Ivory Coast's president declared three days of mourning and raised the country's terrorism alert to its highest level Monday after attacks at beach resorts claimed by al-Qaeda left 21 people dead.

The death toll from Sunday's attacks at three beach hotels was lowered to 21 from 22 by Interior and Security Ministry Hamed Bakyoko.

The attacks took place in Grand-Bassam, 40 kilometres south-east of the economic capital Abidjan.

According to Bakyoko, 15 civilians, three soldiers and three gunmen were killed at the site popular with both Ivorians and foreigners.

Some 33 people were wounded.

President Alassane Ouattara declared three days of mourning and raised the terrorism alert to its maximum level of red.

Other measures taken at an extraordinary council of ministers included placing security forces on high alert and establishing a protective perimeter zone around embassies, schools, vital installations and key public places, including airports, ports and borders.

Al-Qaeda in the Islamic Maghreb, the terrorist group's North Africa branch, claimed responsibility for the attack. The claim was carried by al-Akhbar, a news outlet often given statements by extremists in the region.

This was the third major attack by extremists in West Africa in the past several months.

Among the 21 dead were four foreigners, who included nationals from Germany, France, Cameroon and Burkina Faso.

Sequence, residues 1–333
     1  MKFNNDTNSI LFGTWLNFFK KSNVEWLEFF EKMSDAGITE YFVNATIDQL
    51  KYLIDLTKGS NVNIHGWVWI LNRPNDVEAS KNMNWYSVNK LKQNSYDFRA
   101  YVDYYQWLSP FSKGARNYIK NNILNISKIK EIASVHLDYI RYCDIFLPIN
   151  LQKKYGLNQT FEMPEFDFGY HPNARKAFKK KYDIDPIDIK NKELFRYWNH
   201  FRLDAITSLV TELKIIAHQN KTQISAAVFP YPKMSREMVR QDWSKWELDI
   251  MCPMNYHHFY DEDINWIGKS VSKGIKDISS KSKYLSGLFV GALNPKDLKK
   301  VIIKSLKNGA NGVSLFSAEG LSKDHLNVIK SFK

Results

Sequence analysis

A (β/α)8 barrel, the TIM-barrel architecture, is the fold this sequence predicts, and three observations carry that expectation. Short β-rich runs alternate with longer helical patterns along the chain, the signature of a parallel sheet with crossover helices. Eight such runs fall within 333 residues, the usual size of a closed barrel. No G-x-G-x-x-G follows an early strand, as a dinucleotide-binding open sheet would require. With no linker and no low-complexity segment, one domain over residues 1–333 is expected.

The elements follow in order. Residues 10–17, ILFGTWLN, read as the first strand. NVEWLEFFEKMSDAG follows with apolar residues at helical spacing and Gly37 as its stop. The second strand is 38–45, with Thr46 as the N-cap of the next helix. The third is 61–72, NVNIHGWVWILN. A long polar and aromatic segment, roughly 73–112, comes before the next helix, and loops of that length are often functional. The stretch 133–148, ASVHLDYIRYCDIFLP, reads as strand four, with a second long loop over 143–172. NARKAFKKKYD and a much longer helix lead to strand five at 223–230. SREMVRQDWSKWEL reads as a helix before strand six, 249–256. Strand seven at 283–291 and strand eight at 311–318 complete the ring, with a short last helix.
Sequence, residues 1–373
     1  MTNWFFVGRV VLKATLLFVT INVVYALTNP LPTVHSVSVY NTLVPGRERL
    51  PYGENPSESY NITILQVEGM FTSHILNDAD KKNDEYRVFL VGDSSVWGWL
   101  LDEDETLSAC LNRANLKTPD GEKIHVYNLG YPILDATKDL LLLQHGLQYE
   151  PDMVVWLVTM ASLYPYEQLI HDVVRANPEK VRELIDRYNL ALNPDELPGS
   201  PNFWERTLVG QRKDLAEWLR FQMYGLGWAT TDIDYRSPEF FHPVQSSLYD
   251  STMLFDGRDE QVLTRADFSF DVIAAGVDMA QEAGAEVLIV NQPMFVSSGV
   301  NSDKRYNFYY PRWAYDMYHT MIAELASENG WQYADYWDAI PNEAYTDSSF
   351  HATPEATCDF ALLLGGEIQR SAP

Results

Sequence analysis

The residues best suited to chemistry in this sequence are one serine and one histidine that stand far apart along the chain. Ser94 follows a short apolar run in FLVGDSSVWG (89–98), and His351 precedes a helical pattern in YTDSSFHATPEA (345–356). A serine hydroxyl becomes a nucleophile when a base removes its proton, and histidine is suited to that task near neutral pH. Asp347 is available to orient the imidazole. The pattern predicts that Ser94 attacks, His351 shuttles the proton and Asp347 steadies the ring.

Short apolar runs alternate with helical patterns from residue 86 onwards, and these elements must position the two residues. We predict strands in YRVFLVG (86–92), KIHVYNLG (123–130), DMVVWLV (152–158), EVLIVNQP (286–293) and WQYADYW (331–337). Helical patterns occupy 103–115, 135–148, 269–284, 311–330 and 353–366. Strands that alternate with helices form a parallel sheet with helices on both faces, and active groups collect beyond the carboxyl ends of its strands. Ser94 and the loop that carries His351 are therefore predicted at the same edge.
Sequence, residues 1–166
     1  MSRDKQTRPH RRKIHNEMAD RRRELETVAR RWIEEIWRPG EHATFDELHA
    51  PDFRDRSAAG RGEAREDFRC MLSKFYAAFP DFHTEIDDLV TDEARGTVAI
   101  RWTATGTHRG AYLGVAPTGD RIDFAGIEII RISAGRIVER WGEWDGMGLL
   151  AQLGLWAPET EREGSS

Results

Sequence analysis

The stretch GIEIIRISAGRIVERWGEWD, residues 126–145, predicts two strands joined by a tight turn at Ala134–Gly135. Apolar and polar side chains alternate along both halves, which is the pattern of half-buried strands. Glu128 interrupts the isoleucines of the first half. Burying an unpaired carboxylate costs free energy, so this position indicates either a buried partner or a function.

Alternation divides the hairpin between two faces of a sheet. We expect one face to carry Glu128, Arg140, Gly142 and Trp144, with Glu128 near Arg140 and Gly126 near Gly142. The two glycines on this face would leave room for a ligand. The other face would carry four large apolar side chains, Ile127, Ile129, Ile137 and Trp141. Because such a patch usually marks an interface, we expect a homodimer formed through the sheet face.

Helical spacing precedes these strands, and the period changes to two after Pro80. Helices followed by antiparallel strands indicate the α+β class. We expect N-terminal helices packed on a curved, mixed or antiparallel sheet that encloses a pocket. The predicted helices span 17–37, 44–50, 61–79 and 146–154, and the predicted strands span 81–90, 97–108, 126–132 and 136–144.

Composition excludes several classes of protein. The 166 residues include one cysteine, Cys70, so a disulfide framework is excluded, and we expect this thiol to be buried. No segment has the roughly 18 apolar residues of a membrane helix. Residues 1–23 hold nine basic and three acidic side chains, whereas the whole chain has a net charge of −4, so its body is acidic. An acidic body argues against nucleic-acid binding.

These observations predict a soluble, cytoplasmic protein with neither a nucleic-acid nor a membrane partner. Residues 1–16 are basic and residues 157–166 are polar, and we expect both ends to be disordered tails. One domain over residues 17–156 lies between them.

However, French President Francois Hollande said that four French people had been killed in the attacks.

Hollande spoke Monday by phone to his Ivorian counterpart, the Elysee Palace said.

Expressing his condolences to the families of the victims, Hollande added that, "France supports the Ivory Coast in its initiatives to fight against terrorism and considers that cooperation between all states threatened by terrorist groups, especially in West Africa, must more than ever be intensified."

French Foreign Minister Jean Marc-Ayrault and Interior Minister Bernard Cazeneuve will visit the country on Tuesday to "show support to Ivorians," Ivorian government spokesman Kone Bruno said.

German Foreign Minister Frank-Walter Steinmeier had earlier in the day confirmed the death of a German national, who was identified as Henrike Grohs, 51, the head of the Goethe-Institut in Abidjan.

Grohs had led the institute from December 1, 2013.

"We are shocked that Henrike Grohs had to die in such a tragic and violent way," Goethe-Institut secretary general Johannes Ebert said in a statement.

"She loved her work and was full of ideas and the energy to bring these ideas to fruition with her partners. Our thoughts are with the family and the colleagues in Abidjan."

German Chancellor Angela Merkel expressed her condolences in a telegram to Ouattara for what she described as a "criminal act in which once again innocent people became victims of an inhuman ideology."

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